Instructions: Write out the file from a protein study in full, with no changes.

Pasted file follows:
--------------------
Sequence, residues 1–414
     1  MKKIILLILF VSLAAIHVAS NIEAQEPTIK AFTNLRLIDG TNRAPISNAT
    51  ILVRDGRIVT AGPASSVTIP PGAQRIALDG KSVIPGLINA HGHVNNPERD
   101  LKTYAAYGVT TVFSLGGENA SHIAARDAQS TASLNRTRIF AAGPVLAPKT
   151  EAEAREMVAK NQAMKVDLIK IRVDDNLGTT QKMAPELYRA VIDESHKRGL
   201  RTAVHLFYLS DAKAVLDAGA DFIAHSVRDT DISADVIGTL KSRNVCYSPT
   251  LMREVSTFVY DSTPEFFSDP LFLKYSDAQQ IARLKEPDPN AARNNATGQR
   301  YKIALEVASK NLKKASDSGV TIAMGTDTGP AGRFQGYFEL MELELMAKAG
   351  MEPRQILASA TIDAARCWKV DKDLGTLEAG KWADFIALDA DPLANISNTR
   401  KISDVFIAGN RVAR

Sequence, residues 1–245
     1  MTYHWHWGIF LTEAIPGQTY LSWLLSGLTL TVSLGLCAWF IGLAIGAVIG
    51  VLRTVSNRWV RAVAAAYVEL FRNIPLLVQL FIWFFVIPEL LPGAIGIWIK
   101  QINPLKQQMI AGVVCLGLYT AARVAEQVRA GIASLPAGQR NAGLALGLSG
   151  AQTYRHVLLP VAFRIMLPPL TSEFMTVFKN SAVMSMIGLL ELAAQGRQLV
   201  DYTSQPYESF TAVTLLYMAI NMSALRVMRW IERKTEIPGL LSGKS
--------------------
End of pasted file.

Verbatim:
Sequence, residues 1–414
     1  MKKIILLILF VSLAAIHVAS NIEAQEPTIK AFTNLRLIDG TNRAPISNAT
    51  ILVRDGRIVT AGPASSVTIP PGAQRIALDG KSVIPGLINA HGHVNNPERD
   101  LKTYAAYGVT TVFSLGGENA SHIAARDAQS TASLNRTRIF AAGPVLAPKT
   151  EAEAREMVAK NQAMKVDLIK IRVDDNLGTT QKMAPELYRA VIDESHKRGL
   201  RTAVHLFYLS DAKAVLDAGA DFIAHSVRDT DISADVIGTL KSRNVCYSPT
   251  LMREVSTFVY DSTPEFFSDP LFLKYSDAQQ IARLKEPDPN AARNNATGQR
   301  YKIALEVASK NLKKASDSGV TIAMGTDTGP AGRFQGYFEL MELELMAKAG
   351  MEPRQILASA TIDAARCWKV DKDLGTLEAG KWADFIALDA DPLANISNTR
   401  KISDVFIAGN RVAR

Sequence, residues 1–245
     1  MTYHWHWGIF LTEAIPGQTY LSWLLSGLTL TVSLGLCAWF IGLAIGAVIG
    51  VLRTVSNRWV RAVAAAYVEL FRNIPLLVQL FIWFFVIPEL LPGAIGIWIK
   101  QINPLKQQMI AGVVCLGLYT AARVAEQVRA GIASLPAGQR NAGLALGLSG
   151  AQTYRHVLLP VAFRIMLPPL TSEFMTVFKN SAVMSMIGLL ELAAQGRQLV
   201  DYTSQPYESF TAVTLLYMAI NMSALRVMRW IERKTEIPGL LSGKS